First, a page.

What You Do For Your Sleepless Nights?

What You Do For Your Sleepless Nights?

A girl having difficulty while sleeping

Sleep is crucial for our well-being for numerous reasons and poor sleep has detrimental effects on our brain. Our survival demands work in this environment and to function efficiently, we need undisturbed sleep. Due to such competitive work environments and high expectations we set for ourselves, one thing we easily compromise on is sleep. Whether it is a student or a corporate employee, many of us have spent sleepless nights while studying or working and have felt groggy and uneasy the following day. We easily neglect the dangerous repercussions, it causes on our brains. In order to boost our productivity, we easily deprive ourselves of sleep. In this article, the Neuropsychological effects of sleep deprivation is explained with scientifically backed-up literature.

How does Sleep Deprivation affect the Human Brain?
Types of Sleep Deprivation:

Sleep deprivation (hereafter SD) can occur in many different forms in our lives. Scientific studies differentiate them into total sleep deprivation (absence of sleep) , chronic sleep restriction, and sleep disruption/fragmentation. Total SD basically means “no sleep” for a specific duration of time which can range from 1 night to even 72 hours in some studies. Chronic Sleep Restriction is when our sleep gradually reduces in duration with time and age when compared to the amount of sleep we need to function efficiently. Sleep fragmentation is when we get our sleep in bits and pieces and not continuously. This interruption in sleep occurs either in some disorders, such as apnea or insomnia, or when people live in loud and disturbed environments. All the 3 types have a negative effect with respect to cognition in humans.

The circadian rhythm:

Our sleep cycle (circadian rhythm) constantly alternates between two phases: REM (rapid eye movement) and Non-REM. The two phases break down into a few cycles, with each cycle lasting about 90 minutes. Each sleep cycle is very well-defined at a neurological level with specific cellular, anatomic and chemical changes taking place1. On average, a healthy human adult requires 7.5 to 8.5 hours of sleep every night5. Any disruption in this duration is harmful.

Cognitive and Emotional changes due to sleep deprivation :

When SD is studied at a macro level with a primary emphasis on neural functions, results not only report a drastic decline in cognitive abilities but also show negative moods. Total SD (any duration greater than 36 hours) significantly affects our performance across various cognitive tasks like executive decision-making, categorizing, spatial memory, fluid verbal expression, creativity, planning tasks, and detecting changes in our environment. Furthermore, it also causes fatigue, sleepiness, and pain along with bad moods and elevated stress levels.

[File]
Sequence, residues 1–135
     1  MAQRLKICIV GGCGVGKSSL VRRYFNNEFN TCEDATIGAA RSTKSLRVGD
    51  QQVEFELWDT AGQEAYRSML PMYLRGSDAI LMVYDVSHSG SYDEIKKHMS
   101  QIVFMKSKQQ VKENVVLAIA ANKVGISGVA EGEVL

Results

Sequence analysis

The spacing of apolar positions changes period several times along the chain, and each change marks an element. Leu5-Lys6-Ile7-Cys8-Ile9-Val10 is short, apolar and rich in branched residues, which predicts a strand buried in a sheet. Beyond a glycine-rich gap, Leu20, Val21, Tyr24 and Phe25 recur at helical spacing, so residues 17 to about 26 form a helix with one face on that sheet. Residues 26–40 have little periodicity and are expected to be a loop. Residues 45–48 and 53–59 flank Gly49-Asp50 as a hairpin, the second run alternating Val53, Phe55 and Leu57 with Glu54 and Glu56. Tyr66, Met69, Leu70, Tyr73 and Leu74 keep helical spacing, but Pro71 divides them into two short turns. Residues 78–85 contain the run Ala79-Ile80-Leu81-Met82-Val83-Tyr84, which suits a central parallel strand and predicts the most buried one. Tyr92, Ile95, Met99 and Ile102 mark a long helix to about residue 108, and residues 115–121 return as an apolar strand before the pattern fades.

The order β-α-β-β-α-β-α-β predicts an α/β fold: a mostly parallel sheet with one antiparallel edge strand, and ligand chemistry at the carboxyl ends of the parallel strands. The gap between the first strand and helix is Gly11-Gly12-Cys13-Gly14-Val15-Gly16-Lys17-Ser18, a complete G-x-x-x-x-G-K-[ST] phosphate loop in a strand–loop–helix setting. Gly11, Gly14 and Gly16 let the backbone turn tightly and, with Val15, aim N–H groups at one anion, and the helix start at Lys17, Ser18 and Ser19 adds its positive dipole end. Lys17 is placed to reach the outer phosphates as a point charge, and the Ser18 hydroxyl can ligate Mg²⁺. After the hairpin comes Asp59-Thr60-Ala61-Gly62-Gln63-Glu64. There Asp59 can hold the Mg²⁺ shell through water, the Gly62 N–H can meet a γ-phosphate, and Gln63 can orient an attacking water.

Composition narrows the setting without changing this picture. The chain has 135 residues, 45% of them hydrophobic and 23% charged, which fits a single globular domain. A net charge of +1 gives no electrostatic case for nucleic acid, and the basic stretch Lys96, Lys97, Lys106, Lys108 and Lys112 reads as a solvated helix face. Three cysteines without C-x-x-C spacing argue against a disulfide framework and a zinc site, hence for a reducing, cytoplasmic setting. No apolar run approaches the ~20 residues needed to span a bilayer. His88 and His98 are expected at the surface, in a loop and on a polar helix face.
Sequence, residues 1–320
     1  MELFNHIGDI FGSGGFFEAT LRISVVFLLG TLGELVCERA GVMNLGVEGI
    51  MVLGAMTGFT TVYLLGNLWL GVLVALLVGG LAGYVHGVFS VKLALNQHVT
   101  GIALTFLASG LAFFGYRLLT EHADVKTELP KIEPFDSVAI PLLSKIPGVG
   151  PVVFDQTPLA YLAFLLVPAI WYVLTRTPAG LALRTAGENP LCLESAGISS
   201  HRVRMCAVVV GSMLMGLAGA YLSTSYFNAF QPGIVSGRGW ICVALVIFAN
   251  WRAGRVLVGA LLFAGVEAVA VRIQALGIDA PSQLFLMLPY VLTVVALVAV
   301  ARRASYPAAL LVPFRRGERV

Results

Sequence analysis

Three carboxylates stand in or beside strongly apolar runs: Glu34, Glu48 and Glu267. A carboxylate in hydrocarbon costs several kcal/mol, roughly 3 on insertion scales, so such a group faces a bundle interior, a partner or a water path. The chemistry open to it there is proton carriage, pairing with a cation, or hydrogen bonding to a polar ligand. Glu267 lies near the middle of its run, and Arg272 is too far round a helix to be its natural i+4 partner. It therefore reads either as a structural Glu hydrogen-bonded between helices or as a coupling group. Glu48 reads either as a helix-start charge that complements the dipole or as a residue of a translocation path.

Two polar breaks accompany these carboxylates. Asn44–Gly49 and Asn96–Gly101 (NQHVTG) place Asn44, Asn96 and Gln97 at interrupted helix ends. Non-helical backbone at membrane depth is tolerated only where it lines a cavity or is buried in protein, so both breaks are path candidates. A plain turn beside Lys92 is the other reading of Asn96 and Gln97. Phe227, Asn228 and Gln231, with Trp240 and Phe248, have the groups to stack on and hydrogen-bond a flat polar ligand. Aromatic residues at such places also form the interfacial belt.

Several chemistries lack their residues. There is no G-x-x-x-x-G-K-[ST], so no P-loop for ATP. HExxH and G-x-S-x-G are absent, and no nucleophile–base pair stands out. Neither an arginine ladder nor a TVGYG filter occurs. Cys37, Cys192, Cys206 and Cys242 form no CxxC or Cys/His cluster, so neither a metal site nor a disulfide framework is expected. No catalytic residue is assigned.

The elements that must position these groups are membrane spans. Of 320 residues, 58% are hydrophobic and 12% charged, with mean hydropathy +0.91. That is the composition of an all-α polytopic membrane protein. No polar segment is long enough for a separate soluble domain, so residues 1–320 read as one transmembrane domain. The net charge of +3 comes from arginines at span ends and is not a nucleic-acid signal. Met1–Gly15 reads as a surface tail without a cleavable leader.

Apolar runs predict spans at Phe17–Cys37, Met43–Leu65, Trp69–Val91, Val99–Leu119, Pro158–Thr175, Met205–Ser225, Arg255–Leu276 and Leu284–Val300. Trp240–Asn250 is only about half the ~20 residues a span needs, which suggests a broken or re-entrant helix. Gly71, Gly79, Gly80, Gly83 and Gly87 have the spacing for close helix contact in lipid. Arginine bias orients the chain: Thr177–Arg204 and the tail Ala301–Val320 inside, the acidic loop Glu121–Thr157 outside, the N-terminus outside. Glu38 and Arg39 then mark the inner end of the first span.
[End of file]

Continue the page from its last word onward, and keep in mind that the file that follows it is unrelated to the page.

The ability of humans to perceive changes in their immediate environment is disrupted over long periods of SD coupled with extremely slow reflexes towards external stimuli. In severe cases of SD, people also hallucinate and in some studies conducted on animals, SD has also led to death. Many scholars and researchers highlight the pitfalls of SD by focusing on the damage it causes to the prefrontal cortex, the region of the brain which connects the perceptual motor and limbic system and is also responsible for executive decision-making and attention.

Moreover, SD also heavily affects our memory as it potentially damages the hippocampus, the brain region responsible for consolidating information and converting it from short-term to long-term memory. Different neuro-imaging studies that made use of positron emission tomography (PET) and functional magnetic resonance imaging (fMRI) have found that activity in the prefrontal cortex and thalamus is significantly minimized after long periods of SD. These structures have an important role to play in maintaining focus during executive performance. Recent findings have shown that SD also affects the ascending nuclei of the reticular system, which controls our physiological sleep-wake transitions.

Recovery from Short-Term Sleep Deprivation

Researchers have conducted extensive studies to examine the short-term effects of sleep deprivation (SD) on the human brain. They have observed that almost all behavioral deficits resulting from acute sleep deprivation return to normalcy after a maximum of 2 nights of complete sleep. Researchers have conducted numerous studies on mice to investigate the effects of chronic sleep deprivation, and they have found that chronic sleep deprivation can trigger the early onset of Alzheimer’s Disease and other forms of dementia. The human sample has also found that constant sleep deprivation causes the accumulation of beta-amyloid, tau-protein, and many other waste products in the brain, potentially leading to neuronal necrosis (death of neurons) and dementia

In this brief article, we have seen how sleep deprivation can harm the human brain. It not only damages the brain, but also affects our emotional, social, and work lives. Some ongoing research also claims that sleep deprivation causes our brain to age faster, and the repercussions of this is beyond our imagination. Sleep is like a spa for our brain. The human brain uses most of our oxygen and energy and when we don’t reward it with good sleep, the consequences are catastrophic. More than 50% of people in our nation are sleep deprived, so when individuals experience such problems, they should consider seeking treatment from a mental health professional. Therefore, sound sleep is a must which can help us in the long run and protect us from various threats.

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